I love to make these quilts that have thousands of colors and prints, and then I find that I have created a mess for myself when figuring out which color quilting thread to use.  On busy quilts like this, multi thread makes things look even more chaotic.  Don’t know how this one will turn out yet.

THE SECOND is also relatively recent, and is a pattern that I use over and over when I just want to sew without a lot of complicated planning.  It is also the design I choose when I fall in love with a fabric that I know will make a wonderful border, and the quilt is built from the outside in.

Confetti Squares, 2011
66″ x 73″
Photography by Sibilia Savage

Same design, now for Christmas.

Christmas Medley I, 2009
63″ x 72″

And a huge one–so simple and so much fun.

Dots Diagonal II, 2009
75″ x 89″
Photography by Sibila Savage

Dots Diagonal II (detail), 2009
Photography by Sibila Savage

Me and John Lithgow

27 06 2011

John Lithgow with his quilt, 2011

I proclaim myself

Quiltmaker to the stars

Or, perhaps more accurately, to the star . . .

I was very pleased to get the opportunity to gift one of my quilts to one of my favorite actors, so I took it.  My wonderful sister-in-law Wendy worked with John Lithgow on the upcoming sci-fi-action drama The Rise of the Planet of the Apes, and she did me the favor of delivering one of my creations to this marvelous actor.  I thought this was only a fair trade, since Mr. Lithgow has given me so many of his creations, including my two favorites, Dr. Dick Solomon and Arthur Mitchell, the Trinity Killer.  Yes, I’m a huge fan.

I chose this quilt for John because of its intricate pattern and its nature colors.  He appears to be pleased by the choice.  This quilt is one in a series of what seems like thousands of quilts.

Trip Around the World, 2008

(Unfortunate photography by Susan Dague)

There is a history for this quilt, of course:

Way back in 1998, trail-blazing quilter extraordinaire Mary Ellen Hopkins lectured at my guild (EBHQ), and, just as an aside, said the following magic words:  “Clean up your fabric stash—cut all your small scraps into 2 ½ inch squares and give yourself permission to throw away anything smaller.”  I started doing this with my small scraps, and I have never stopped.   Eventually I ended up with fabric drawers  like these:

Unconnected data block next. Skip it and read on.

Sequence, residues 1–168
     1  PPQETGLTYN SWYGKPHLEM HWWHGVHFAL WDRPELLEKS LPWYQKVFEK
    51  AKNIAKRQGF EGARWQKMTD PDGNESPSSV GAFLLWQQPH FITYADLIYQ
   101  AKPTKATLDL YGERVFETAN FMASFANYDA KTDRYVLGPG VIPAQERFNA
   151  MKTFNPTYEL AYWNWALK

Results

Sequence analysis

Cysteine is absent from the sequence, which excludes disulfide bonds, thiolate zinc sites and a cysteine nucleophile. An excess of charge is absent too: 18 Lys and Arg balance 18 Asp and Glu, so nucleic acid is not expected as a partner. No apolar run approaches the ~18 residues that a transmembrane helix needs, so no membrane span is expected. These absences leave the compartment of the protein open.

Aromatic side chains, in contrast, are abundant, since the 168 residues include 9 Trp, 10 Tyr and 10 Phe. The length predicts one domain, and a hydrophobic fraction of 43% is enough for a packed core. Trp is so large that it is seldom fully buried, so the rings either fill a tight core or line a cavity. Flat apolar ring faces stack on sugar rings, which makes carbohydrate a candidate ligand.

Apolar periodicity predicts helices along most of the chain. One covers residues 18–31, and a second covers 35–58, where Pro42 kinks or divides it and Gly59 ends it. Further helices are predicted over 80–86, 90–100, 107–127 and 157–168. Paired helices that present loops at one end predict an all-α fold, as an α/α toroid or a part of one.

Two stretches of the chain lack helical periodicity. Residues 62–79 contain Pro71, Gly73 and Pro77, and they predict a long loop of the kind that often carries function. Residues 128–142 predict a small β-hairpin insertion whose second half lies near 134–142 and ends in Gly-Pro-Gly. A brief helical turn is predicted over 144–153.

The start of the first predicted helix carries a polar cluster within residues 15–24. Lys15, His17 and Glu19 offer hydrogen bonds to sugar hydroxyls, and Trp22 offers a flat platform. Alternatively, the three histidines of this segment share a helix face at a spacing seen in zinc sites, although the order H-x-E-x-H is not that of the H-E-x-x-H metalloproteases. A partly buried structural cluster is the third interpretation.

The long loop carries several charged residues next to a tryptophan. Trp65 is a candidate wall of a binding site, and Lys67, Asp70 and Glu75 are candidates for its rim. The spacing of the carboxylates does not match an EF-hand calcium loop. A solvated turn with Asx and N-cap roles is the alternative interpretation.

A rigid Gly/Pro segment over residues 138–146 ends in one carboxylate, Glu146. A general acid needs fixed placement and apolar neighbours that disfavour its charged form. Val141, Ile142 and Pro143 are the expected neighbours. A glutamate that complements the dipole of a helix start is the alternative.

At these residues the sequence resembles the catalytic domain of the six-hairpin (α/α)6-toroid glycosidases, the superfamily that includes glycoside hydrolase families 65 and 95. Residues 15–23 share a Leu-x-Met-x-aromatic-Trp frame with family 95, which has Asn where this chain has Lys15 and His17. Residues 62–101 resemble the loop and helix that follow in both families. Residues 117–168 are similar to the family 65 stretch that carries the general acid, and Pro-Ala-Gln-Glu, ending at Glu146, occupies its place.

Drawer One

Drawer Two

And I use these squares in exactly the way that Mary Ellen had suggested.  Whenever I feel like I just want to sew, I pull out a pile of these squares and make them into four-patches.  Sometimes I just make a small quilt out of colors that I love or try to find an interesting pattern for the scraps I happen to have on hand (the technique used for the Lithgow Quilt).

In upcoming posts I will display some more of these quilt, a few or a lot . . . I’ve not yet decided.  But there is a warning:  If you try this technique for dealing with your fabric, you may become as addicted as I am.  No problem.  The world is full of people who deserve quilts.

Trip Around the World, Detail

Christina’s Four Square

1 04 2011

Four Square, 2005                          Photography by Sibila Savage

Using a Judy Hooworth quilt as inspiration (Razzle Dazzle Quilts is wonderful reading for me!!), I took on the challenge of combining these dull solids with bright prints.  For me, this was truly a challenge.  Creating the blocks took me outside my usual comfort zone, and finding sashing and posts for the blocks proved to be the most challenging of all.  I auditioned so many different fabrics for this quilt that I ended up making two small quilts from all the unused leftovers for the main quilt.

Later, at a quilt show I was fortunate enough to present, Christina and her parents admired many of my quilts.  I casually asked Christina if there were any quilts that were her favorites.  When she chose this quilt, she did not know that she was actually choosing the quilt that she would receive as a gift two years later.  I hope it still appeals to her as much as it does to me.

The first was made from the leftover solid blocks.

Amish Squares, 2004              38.5″ x 45″ 

And the second was the wide variety of fabrics that did not make the fit as posts for the sashing.   I had originally thought that the posts for Four Square needed to be bright, but the final posts were a dull print, thereby allowing all the blocks to shine by themselves.  The leftovers made this quilt.


Hanging onto the scraps from finished projects has often been a problem for me.  I work with them until I can no longer stand to look at them.  Some artists might see  this as “working in a series”;  for me, it’s just puzzle-solving.